Some guy just published an article yesterday about why Troy Tulowitzki might be in a steep decline. The same guy tweeted out two nights ago why swing adjustments should always be taken seriously in light of the success of Jose Bautista:
Top example of why IMO swing changes should always be taken seriously. They don't always pan out, but when they do.. https://t.co/mFcv5k47dd— Timothy Finnegan (@TimFinn521) February 23, 2016
Well, it's time to ease up on that steep decline talk for now, because Tulo appears to have done what teammate Joey Bats did years ago and made a major mechanical tweak to his swing. See the video and link below:
Tulo really loads off a big leg kick and uses more momentum to drive his weight forward into the oncoming baseball, which theoretically should allow him to get more force behind his batted balls if he can keep barreling the ball up with the new swing. It is a significant shift from his previous swing.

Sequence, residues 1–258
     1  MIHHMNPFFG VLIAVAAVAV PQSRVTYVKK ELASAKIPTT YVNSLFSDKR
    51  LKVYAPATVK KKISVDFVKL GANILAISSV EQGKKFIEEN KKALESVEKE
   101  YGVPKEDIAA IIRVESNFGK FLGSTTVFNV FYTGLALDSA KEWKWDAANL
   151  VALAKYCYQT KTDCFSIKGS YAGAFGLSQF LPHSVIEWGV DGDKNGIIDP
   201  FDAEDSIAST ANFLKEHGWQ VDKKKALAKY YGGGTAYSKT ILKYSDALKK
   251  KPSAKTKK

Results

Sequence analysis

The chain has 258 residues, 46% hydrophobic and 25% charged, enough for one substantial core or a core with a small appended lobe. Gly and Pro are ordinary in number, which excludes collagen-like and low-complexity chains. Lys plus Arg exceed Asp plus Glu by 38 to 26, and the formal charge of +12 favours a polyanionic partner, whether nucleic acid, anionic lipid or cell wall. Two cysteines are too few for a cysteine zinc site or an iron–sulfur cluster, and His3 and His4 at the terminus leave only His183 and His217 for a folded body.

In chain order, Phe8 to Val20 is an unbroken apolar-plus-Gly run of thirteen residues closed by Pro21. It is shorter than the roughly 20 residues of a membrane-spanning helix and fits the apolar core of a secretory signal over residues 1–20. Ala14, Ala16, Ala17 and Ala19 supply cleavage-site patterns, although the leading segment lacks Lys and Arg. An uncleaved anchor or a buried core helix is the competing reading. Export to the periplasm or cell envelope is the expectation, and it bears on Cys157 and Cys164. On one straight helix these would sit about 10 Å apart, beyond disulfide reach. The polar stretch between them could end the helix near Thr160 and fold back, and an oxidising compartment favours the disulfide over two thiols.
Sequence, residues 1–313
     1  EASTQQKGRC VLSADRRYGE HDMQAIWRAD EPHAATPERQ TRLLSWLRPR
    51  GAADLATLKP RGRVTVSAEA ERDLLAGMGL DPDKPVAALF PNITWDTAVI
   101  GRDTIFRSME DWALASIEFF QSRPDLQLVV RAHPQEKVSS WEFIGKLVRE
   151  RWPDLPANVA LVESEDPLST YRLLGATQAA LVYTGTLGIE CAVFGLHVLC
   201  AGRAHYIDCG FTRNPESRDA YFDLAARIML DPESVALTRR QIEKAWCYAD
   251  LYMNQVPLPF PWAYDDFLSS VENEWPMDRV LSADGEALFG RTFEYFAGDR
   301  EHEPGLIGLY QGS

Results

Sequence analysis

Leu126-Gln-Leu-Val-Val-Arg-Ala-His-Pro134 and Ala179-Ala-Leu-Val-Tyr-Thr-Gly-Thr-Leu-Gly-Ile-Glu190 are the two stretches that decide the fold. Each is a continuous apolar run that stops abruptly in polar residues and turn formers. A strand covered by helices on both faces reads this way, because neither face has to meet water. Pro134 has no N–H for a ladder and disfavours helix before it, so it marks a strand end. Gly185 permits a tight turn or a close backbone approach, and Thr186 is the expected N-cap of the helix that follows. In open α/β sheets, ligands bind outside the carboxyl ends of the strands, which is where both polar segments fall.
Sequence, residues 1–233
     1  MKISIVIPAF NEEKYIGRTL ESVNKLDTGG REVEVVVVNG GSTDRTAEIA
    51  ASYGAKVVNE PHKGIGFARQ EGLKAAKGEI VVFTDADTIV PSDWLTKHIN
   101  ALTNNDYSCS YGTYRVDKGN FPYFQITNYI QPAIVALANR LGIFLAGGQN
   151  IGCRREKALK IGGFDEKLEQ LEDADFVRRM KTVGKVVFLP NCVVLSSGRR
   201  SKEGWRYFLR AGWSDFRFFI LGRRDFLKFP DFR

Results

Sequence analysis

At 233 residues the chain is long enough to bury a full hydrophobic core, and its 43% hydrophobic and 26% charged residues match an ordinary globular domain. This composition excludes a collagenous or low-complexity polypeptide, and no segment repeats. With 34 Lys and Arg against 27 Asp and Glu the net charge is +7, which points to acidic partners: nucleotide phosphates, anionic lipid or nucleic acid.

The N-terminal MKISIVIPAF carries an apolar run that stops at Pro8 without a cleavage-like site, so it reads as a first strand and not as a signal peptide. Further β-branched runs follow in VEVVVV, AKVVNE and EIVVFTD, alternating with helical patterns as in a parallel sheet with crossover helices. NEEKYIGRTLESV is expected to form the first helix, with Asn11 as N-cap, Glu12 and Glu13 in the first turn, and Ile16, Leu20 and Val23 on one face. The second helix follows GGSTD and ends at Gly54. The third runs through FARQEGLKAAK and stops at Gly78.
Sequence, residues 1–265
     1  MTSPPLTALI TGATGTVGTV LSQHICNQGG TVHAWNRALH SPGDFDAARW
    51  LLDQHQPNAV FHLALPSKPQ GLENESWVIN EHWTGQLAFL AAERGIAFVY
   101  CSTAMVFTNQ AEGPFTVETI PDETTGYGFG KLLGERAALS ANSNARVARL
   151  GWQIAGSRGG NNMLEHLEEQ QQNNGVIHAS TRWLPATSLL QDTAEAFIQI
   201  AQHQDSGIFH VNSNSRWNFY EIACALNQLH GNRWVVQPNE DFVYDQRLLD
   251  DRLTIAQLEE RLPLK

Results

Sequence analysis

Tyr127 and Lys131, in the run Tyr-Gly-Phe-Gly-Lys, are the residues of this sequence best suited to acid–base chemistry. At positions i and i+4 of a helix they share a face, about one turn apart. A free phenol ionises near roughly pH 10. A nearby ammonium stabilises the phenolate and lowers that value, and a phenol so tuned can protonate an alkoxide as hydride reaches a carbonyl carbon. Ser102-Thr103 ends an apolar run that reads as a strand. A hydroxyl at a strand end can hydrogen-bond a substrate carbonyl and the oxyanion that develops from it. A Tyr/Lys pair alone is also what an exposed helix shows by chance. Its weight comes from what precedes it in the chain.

Swing adjustments don't always work out, of course. They often times just make for spring training stories for people to write about, like a pitcher who is throwing a new pitch. But sometimes, these adjustments can lead to surges in production that won't be identified by projection systems. Mechanical adjustments like this are major changes in process at the plate, and sometimes a hitter develops a completely different skillset with new mechanics. It can make what happened in previous seasons less meaningful. Teammate Jose Bautista is the perfect example. Justin Turner, as the great Broc Miller of Project Roto pointed out to me last night, is another great example of that.
I don't know if Tulo will be better off going forward, but this is something that could very well be a driving force behind a rebound season for him in 2016.
Follow on Twitter @TimFinn521